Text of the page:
Google’s algorithm uses thousands of signals to align search results with a query. One is “trustworthiness,” a combination of signals to assess a page’s credibility.
Google’s Search Central portal mentions “trust” roughly 1,600 times. It’s a long-discussed topic.
In 2011, Google’s Matt Cutts addressed “trust” as a search signal and defined it as “how much we are willing to believe that this a high-quality page.”
But there are no clear metrics to measure or understand trust, making it difficult to optimize.
The good news is Google’s search engine result pages (SERPs) provide clues. We cannot assign trust numbers or compare multiple pages. Yet knowing those clues helps explain why one page outranks another despite fewer keywords or backlinks.
Here’s how Google’s SERPs convey trusted sites and pages.
The presence in search results of a knowledge panel for an individual or brand query is the strongest signal that Google recognizes the person or site as a “known entity.”
Knowledge panels are hard to earn. An entity — a person, organization, or location — must be part of Google’s massive knowledge graph to trigger the panel.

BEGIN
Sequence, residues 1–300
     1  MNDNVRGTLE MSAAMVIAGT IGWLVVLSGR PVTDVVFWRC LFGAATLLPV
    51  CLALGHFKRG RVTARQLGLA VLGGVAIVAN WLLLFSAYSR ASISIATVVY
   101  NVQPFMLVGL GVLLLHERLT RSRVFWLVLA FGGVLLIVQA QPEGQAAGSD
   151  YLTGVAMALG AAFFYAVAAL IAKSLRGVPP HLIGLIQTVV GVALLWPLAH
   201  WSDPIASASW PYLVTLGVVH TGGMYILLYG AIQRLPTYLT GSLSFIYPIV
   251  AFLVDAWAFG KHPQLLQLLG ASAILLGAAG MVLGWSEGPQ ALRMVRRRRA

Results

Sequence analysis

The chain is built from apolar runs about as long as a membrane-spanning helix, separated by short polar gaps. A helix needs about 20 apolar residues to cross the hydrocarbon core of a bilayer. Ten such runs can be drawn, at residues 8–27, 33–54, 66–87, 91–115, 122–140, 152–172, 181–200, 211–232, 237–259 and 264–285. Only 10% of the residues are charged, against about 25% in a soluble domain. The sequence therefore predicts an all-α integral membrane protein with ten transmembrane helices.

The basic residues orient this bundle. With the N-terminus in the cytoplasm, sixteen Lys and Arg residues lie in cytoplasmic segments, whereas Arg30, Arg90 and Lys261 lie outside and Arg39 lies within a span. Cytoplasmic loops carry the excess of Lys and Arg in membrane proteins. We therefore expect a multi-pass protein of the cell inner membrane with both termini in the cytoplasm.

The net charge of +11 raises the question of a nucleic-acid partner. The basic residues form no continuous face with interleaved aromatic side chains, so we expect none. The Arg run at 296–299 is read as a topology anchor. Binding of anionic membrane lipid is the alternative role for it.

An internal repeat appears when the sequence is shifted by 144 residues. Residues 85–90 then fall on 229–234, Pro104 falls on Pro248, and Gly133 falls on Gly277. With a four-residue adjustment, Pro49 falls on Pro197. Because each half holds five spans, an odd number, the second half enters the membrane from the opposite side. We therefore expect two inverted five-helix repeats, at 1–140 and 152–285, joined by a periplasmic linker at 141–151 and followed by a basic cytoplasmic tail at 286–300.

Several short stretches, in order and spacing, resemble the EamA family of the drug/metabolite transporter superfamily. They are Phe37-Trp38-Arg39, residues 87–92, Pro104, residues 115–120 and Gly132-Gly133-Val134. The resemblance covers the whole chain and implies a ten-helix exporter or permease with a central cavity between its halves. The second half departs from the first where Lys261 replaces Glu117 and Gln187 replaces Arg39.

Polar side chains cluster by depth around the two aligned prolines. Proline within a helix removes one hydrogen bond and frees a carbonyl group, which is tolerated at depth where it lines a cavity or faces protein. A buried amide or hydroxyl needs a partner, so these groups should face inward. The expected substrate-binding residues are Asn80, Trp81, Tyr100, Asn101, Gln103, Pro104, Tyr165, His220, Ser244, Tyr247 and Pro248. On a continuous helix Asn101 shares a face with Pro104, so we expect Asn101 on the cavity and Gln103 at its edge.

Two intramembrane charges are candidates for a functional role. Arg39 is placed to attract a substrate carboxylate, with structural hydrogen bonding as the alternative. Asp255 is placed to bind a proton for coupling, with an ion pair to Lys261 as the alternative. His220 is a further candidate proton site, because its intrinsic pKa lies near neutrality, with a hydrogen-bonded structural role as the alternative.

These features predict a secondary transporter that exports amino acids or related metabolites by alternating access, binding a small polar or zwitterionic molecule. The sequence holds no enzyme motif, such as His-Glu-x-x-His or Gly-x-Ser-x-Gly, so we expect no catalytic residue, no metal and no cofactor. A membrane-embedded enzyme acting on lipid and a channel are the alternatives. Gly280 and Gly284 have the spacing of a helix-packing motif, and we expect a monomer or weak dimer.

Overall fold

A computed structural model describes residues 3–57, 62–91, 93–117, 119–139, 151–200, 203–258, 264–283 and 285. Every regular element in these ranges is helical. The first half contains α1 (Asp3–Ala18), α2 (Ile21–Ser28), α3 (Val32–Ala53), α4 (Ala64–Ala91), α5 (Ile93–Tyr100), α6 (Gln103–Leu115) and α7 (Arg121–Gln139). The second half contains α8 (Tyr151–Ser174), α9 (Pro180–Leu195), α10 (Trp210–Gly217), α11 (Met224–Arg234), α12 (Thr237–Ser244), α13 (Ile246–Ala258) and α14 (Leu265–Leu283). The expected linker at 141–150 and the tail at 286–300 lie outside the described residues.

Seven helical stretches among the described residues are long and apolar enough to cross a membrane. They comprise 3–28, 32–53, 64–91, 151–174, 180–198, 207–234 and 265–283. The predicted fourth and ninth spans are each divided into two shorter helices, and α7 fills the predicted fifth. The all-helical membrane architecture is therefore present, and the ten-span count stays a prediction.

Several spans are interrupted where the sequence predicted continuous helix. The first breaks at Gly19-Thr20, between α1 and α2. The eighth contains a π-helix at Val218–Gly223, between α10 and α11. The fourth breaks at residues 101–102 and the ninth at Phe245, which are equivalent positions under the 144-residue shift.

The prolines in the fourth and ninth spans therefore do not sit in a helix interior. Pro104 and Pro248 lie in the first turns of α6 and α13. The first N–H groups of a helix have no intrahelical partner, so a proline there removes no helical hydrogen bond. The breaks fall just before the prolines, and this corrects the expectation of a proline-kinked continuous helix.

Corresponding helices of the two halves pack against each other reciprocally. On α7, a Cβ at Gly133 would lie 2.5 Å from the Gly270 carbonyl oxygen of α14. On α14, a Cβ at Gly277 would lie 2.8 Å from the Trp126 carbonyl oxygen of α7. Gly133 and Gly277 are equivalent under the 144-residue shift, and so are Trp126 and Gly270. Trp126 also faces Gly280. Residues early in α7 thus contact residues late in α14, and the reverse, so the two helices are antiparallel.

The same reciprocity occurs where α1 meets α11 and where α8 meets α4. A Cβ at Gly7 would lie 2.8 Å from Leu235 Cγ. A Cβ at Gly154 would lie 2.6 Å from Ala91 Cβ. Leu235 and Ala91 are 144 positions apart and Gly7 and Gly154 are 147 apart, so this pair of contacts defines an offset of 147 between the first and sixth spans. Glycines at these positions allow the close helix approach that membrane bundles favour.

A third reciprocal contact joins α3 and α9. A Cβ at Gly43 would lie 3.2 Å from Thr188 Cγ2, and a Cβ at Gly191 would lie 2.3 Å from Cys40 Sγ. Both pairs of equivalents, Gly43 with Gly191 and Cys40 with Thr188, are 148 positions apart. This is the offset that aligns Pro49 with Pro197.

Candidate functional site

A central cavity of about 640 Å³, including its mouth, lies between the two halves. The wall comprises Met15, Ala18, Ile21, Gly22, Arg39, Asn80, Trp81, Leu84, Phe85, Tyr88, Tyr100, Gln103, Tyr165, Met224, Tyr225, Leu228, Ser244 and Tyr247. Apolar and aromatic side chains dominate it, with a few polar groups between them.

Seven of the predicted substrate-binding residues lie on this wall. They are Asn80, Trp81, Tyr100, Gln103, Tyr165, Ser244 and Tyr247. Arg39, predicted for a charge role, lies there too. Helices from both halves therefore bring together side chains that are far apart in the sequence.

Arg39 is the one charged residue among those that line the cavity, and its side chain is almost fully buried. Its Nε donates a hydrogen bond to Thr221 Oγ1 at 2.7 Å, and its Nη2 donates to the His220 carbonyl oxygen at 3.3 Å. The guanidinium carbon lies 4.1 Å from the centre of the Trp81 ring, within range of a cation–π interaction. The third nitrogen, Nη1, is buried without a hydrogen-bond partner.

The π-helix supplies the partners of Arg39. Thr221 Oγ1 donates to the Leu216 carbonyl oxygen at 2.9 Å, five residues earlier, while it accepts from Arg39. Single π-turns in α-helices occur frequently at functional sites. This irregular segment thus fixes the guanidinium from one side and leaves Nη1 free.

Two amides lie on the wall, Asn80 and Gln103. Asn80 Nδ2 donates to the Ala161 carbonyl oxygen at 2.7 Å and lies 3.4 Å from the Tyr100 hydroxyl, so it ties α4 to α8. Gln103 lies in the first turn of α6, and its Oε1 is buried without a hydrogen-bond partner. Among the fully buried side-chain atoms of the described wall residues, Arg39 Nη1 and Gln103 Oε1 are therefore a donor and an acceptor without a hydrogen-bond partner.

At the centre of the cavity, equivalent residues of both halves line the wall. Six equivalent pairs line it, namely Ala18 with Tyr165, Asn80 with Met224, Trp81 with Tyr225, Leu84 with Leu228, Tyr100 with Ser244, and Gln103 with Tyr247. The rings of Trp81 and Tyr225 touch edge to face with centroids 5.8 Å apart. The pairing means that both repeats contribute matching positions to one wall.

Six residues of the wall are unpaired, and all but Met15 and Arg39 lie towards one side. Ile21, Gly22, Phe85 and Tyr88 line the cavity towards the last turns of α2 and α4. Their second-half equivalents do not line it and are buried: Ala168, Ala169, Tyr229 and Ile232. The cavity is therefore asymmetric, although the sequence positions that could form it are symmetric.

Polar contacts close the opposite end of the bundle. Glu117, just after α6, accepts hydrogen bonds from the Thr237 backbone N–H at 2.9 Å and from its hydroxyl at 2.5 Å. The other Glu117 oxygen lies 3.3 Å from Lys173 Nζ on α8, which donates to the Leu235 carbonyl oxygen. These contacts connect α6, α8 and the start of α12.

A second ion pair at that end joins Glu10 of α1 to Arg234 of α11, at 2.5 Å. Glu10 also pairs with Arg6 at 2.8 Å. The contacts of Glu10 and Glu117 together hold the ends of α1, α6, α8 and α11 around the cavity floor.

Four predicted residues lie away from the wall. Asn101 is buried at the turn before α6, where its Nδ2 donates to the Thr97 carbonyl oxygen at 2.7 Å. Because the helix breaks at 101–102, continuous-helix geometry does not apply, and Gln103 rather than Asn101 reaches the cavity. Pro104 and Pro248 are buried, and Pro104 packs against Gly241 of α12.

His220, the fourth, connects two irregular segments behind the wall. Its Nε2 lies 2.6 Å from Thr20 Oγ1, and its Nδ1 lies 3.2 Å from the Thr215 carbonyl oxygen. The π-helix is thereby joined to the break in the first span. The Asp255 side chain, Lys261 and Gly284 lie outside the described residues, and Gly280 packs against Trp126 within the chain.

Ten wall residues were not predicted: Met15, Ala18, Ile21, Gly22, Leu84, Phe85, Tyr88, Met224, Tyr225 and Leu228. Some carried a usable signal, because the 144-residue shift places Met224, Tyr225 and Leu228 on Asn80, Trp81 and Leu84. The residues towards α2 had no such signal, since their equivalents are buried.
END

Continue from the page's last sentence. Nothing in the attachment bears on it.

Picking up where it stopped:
The knowledge graph is an interconnected map of entities to help Google understand the context behind a search query.
A brand must be connected with existing entities to become one itself. The connection is more than links, such as a trusted partner or award winner, for example. It takes many mentions in Wikipedia and reputable publishers to become a known entity.
A person or brand search that triggers a knowledge panel is a huge signal of trust from Google and a disclosure of the related entities.
Similarly, Google’s autocomplete indicates whether it considers the query an entity — with or without a knowledge panel — and the classification or category. For…
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